Lately I’ve been hearing many horror stories from people who have had really awful experiences while at the movies. Everything from having to endure entire conversations from surrounding moviegoers while a film is still in progress, to seeing cellphones disrupting screenings. Others even talk about being in theaters with moviegoers who heckle the screen. For those of us who go to the theater to find solace, to sit in a dark room with strangers in what we hope will be a few hours of undisturbed peace, such behavior from fellow moviegoers is the highest form of sacrilege.
There used to be an unspoken agreement between everyone at a theater that once the lights dim and the credit start to roll, we should all respect each other’s moviegoing experience by making as little disturbance as possible. It’s not asking much. It’s just that we’d rather lose ourselves in the world of Narnia or Middle-Earth than in your phone call about picking up your dry cleaning. We’d rather be angry that Lando Calrissian betrayed Han Solo instead of the fact that someone keeps hitting the backs of our seats with their feet. We’d rather watch Bruce Wayne turn into The Dark Knight than listening to someone recite a play-by-play account of the film they’ve seen twelve times yet have permitted none to enjoy even once. We’d rather be mesmerized by the performances that are on the movie screen before us than by the blinding light streaming from your iPad, which by the way, no one in their right mind should be bringing into the movie theater.
The cinema has turned into such a hostile environment for moviegoers that it’s no wonder that sometimes, against our personal preference, we decide to sit at home instead and settle for video on demand, or wait for a movie to be released on DVD. To borrow a phrase from Regal Cinemas’ slogan, movies shouldn’t be reduced to a 40-inch LED TV, and yet sometimes we may be forced to settle for that. Speaking of movie theater chains, these are also culpable for the decay of film culture, because some seem to care so little for the enjoyment of their patrons. Cinemas that claim to have zero tolerance policies when it comes to cellphone usage sadly, and more often than not, shirk this responsibility. Not enough seems to be done about ensuring that obnoxiously loud attendees are instantly removed from the theater for disrupting films. Odd, considering that the very existence of such theaters is dependent on the moviegoing audience. When the experience of going to the cinema has become so devoid of peace, enjoyment and last but not least, quiet, what would be the point of going? It would be in the interest of such theater chains to be more vigilant about enforcing no-cellphone and noise policies, because who wouldn’t want to make their target market happy?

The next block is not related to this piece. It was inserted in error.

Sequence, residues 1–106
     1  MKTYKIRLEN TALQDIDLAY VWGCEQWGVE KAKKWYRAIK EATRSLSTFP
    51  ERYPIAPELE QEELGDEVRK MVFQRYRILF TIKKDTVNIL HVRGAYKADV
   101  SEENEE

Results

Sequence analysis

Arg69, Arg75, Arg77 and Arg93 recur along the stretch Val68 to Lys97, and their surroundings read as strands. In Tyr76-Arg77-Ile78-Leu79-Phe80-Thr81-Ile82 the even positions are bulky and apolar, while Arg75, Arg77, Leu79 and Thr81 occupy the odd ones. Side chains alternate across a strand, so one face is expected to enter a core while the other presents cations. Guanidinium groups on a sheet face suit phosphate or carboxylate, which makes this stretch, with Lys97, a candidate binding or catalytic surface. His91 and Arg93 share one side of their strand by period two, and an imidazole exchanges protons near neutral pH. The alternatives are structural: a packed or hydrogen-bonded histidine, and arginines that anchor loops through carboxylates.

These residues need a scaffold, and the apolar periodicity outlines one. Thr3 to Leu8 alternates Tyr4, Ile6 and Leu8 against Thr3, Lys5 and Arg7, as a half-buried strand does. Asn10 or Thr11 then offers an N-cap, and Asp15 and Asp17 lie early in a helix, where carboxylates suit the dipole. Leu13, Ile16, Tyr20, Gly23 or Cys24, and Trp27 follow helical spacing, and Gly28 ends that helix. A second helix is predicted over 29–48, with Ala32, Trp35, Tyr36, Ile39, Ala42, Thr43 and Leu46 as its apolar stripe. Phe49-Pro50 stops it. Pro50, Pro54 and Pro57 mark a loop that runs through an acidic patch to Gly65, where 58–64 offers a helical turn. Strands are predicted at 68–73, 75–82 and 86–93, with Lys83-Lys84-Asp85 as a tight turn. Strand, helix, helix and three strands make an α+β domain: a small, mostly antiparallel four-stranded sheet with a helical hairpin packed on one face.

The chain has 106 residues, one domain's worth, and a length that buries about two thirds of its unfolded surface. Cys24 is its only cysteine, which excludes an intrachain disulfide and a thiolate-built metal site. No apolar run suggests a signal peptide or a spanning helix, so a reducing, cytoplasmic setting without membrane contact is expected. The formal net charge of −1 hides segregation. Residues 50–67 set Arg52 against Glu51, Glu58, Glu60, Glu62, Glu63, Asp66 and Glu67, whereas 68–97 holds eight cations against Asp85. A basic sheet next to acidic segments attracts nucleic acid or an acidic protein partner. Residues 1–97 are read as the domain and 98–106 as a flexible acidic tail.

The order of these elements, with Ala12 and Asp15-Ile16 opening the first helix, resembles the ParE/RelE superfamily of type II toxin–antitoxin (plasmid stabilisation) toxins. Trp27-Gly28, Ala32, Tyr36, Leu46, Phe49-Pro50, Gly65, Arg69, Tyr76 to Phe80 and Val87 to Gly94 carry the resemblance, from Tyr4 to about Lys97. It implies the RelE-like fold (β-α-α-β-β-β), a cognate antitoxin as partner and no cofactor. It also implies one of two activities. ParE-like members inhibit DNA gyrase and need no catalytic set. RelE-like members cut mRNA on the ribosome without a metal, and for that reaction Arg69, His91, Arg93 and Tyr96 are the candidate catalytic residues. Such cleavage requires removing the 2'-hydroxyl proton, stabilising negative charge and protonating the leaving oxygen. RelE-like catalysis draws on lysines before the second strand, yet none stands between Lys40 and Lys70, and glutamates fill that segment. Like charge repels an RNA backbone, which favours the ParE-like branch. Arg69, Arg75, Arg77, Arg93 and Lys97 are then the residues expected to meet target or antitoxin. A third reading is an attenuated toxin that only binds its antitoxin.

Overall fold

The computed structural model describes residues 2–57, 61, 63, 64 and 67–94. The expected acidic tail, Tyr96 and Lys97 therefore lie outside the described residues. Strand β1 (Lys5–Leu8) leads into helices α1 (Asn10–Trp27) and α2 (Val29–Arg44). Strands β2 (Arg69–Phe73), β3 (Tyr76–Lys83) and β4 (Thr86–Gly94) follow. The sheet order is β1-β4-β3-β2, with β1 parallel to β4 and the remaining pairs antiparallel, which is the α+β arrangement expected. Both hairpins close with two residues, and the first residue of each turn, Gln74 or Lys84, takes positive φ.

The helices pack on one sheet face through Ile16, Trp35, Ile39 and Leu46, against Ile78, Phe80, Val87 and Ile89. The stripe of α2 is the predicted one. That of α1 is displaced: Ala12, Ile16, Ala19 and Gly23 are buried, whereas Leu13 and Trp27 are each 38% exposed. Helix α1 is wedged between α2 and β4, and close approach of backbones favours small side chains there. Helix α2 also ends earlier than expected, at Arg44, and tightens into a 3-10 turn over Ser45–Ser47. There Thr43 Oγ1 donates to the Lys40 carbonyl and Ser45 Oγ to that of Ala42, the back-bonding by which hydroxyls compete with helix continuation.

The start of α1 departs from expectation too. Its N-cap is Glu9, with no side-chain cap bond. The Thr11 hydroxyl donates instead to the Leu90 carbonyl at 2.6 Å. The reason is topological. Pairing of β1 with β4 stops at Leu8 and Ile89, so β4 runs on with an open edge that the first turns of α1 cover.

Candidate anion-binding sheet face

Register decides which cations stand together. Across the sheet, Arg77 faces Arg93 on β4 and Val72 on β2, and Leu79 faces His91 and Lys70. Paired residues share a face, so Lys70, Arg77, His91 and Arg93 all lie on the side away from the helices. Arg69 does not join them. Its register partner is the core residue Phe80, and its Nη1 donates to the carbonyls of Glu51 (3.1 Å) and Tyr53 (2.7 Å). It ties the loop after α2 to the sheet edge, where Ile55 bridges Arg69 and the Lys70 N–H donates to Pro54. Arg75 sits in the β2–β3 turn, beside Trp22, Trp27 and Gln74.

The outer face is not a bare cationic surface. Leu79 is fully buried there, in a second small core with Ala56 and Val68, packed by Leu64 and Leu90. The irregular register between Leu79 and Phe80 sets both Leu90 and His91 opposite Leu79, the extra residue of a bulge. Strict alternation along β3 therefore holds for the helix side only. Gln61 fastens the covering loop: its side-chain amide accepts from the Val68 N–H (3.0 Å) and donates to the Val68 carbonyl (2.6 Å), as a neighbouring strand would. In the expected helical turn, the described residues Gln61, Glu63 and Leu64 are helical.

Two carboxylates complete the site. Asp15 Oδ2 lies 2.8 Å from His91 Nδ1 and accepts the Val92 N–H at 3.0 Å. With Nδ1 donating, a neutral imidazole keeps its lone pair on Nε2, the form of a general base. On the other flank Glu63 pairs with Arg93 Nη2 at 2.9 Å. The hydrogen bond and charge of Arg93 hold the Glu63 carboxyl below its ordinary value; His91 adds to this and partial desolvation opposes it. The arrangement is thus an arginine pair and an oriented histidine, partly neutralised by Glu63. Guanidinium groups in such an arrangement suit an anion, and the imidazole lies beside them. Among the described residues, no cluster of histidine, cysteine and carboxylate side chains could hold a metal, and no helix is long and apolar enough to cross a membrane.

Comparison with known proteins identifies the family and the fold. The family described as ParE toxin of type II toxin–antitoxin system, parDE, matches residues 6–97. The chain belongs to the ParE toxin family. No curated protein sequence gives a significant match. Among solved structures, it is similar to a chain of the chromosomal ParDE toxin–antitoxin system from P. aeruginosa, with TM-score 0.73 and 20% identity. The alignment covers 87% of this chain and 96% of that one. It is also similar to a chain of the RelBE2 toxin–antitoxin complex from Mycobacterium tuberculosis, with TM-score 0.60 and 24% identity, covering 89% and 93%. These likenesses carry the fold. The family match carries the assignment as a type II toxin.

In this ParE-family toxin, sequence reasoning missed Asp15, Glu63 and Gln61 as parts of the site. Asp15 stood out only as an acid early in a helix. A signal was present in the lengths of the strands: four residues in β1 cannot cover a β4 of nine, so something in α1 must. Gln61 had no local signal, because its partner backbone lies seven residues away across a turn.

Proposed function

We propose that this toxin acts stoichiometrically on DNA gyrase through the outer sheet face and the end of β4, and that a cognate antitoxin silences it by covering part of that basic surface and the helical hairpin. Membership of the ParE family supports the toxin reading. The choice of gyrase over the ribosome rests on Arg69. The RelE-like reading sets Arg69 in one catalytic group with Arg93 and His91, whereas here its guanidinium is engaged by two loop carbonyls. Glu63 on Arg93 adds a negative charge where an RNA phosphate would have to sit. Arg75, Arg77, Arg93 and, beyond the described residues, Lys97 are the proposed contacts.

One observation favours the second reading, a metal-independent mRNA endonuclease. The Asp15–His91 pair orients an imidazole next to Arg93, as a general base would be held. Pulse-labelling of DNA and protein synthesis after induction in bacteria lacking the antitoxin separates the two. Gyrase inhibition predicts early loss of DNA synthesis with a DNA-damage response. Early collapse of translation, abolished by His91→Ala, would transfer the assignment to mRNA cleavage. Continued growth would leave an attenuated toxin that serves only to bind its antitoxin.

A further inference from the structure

At the end of the day, however, the issue stems more from a growing disrespect of cinema as a space than corporate incompetence. Blame can be placed on many factors. Some may point to the ADD culture fostered by a barrage of information, dependency on technology and seemingly constant need for social media interaction. Some can point out that one can just as easily watch a movie at home, so going to the cinema isn’t all that sacred to others. Unfortunately we can’t do much with blame. What we can do is make this problem - and it is a problem - known, and hopefully change this culture of cinema to one of mutual respect for shared space. It might seem trifling to some that we care so much about watching our films in peace, but perhaps that’s because cinema isn’t their religion, and they don’t think of the theater as their church. For most of us, the cinema is where we go to explore, discover and feel enlightened. When we get lonely, we go to the cinema and visit our friends, to paraphrase a line from Almost Famous' Penny Lane. So I hope it can be understood that we feel such great loss when this space is trampled on again and again by those who don't comprehend its importance.
So let’s take back the cinema. And I’m not talking about picketing theaters or shouting down noisy moviegoers. I’m talking about promoting a culture that respects this space and those who frequent them. If you’re sitting next to someone who won’t stop talking, tell them to please be quiet or leave, and if they don’t, bring this to the attention of the theater ushers. Usually this doesn’t do much, but at least it will make them aware that people do take this seriously. We pay for our ticket and we spend a ton on overpriced concessions. The least we can expect is for legitimate complaints to be heard. If bringing issues to the attention of ushers is not helpful, perhaps taking this to corporate may make some headway. If all else fails, we’ve got the web, and the internet loves a good PR nightmare.
Hopefully it doesn’t come to that. Because if you ask me, I’d rather just sit quietly here in my popcorn-smelling seat and enjoy my movie. That really isn’t too much to ask, is it?